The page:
Increasing mobility, migration, and growing numbers of international couples give rise to a host of family law issues. For instance, when marital partners are citizens of different countries, or live outside the country of which they are citizens, or move between countries, courts must first determine if they have jurisdiction to hear divorce or child custody actions. Given that countries around the world are governed by different legal regimes, such as the common law system, civil codes, religious law, and customary law, choice of law questions also complicate family litigation. This short article addresses the jurisdictional and other conflicts issues …


Mapping The Iceberg: The Impact Of Data Sources On The Study Of District Courts, Christina L. Boyd, Pauline T. Kim, Margo Schlanger Aug 2020

Mapping The Iceberg: The Impact Of Data Sources On The Study Of District Courts, Christina L. Boyd, Pauline T. Kim, Margo Schlanger

Articles

Three decades ago, Siegelman and Donohue aptly characterized research about courts and litigation that relied only on published opinions as “studying the iceberg from its tip.” They implored researchers to view published district court opinions “with greater sensitivity to the ways in which such cases are unrepresentative of all cases”. The dynamic, multistage nature of trial court litigation makes a focus solely on published opinions particularly ill-suited to the study of federal district courts. Expanded electronic access to court documents now allows more pre-cise analysis of the ways in which published cases are unrepresentative and what differences that makes for …


Working Hard Or Making Work? Plaintiffs' Attorneys Fees In Securities Fraud Class Actions, Stephen J. Choi, Jessica Erickson, A. C. Pritchard Aug 2020

Working Hard Or Making Work? Plaintiffs' Attorneys Fees In Securities Fraud Class Actions, Stephen J. Choi, Jessica Erickson, A. C. Pritchard

Articles

In this article, we study attorney fees awarded in the largest securities class actions: “mega- settlements.” Consistent with prior work, we find larger fee awards but lower percentages in these cases. We also find that courts are more likely to reject or modify fee requests made in connection with the largest settlements. We conjecture that this scrutiny provides an incentive for law firms to bill more hours, not to advance the case, but to help justify large fee awards—“make work.” The results of our empirical tests are consistent with plaintiffs’ attorneys investing more time in litigation against larger companies, with …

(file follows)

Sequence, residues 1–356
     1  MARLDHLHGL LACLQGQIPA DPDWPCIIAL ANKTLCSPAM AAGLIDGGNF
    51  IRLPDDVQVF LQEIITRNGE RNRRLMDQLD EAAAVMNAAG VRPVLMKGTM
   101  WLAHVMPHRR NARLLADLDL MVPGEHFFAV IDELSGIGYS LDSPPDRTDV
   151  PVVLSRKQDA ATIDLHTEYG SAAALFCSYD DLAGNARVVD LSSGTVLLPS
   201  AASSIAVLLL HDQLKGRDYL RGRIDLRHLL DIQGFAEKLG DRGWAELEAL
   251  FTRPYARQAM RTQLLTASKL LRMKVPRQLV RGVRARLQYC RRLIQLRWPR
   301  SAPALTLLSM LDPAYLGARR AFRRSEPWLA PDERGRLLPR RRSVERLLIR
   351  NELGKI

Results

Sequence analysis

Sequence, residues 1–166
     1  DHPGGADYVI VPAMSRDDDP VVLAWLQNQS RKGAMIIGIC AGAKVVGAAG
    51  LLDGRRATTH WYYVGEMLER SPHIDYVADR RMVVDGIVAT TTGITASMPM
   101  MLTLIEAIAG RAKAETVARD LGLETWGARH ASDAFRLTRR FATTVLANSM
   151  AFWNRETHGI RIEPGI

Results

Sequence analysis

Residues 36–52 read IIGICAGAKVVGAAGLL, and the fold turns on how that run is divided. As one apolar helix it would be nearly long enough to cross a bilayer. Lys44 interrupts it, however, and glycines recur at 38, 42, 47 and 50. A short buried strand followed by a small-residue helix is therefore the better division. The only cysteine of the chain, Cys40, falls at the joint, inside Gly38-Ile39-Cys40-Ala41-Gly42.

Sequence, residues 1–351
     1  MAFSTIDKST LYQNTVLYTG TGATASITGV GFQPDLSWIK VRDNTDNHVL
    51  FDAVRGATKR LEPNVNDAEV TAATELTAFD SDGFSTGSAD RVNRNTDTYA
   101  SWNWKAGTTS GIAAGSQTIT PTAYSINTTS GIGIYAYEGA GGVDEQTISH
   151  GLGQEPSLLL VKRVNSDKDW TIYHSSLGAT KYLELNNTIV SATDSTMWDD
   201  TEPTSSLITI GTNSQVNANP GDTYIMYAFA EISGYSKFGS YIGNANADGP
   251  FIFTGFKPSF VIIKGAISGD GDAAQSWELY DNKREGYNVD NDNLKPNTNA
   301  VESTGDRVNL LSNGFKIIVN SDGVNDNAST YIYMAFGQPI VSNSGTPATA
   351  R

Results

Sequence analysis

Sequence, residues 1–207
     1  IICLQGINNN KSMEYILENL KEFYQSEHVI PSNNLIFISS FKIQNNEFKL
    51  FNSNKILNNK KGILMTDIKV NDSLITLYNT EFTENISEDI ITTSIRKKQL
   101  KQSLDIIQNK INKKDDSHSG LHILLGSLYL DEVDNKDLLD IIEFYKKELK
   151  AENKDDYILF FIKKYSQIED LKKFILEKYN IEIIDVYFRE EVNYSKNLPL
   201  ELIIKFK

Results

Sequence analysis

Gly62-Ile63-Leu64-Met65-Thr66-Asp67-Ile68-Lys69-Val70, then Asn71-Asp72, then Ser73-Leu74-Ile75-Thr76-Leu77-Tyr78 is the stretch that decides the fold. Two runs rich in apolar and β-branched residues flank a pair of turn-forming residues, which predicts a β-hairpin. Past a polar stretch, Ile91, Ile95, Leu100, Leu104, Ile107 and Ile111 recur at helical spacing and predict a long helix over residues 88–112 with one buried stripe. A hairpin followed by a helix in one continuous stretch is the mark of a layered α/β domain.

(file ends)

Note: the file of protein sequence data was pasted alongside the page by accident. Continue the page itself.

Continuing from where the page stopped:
Federal Forum Provisions And The Internal Affairs Doctrine, Dhruv Aggarwal, Albert H. Choi, Ofer Eldar Aug 2020

Federal Forum Provisions And The Internal Affairs Doctrine, Dhruv Aggarwal, Albert H. Choi, Ofer Eldar

Articles

A key question at the intersection of state and federal law is whether corpo- rations can use their charters or bylaws to restrict securities litigation to federal court. In December 2018, the Delaware Chancery Court answered this question in the negative in the landmark decision Sciabacucchi v. Salzberg. The court invalidated “federal forum provisions” (“FFPs”) that allow companies to select federal district courts as the exclusive venue for claims brought under the Secur- ities Act of 1933 (“1933 Act”). The decision held that the internal affairs doc- trine, which is the bedrock of U.S. corporate law, does not permit charter …


Incrementalist Vs. Maximalist Reform: Solitary Confinement Case Studies, Margo Schlanger Aug 2020

Incrementalist Vs. Maximalist Reform: Solitary Confinement Case Studies, Margo Schlanger

Articles

Among criminal justice reformers, it has long been hotly contested whether moderate reform helps or harms more efforts to achieve more thoroughgoing change. With respect to solitary confinement, do partial and ameliorative measures undermine the goal of solitary confinement abolition? Or do reformist campaigns advance—albeit incrementally—that ultimate goal? Call this a debate between “incrementalists” and “maximalists.” I offer this Essay as an appeal for empirical rather than aesthetic inquiry into the question. After summarizing nationwide reform litigation efforts that began in the 1970s, I try to shed some factual light by examining solitary reform efforts in two states, Massachusetts and …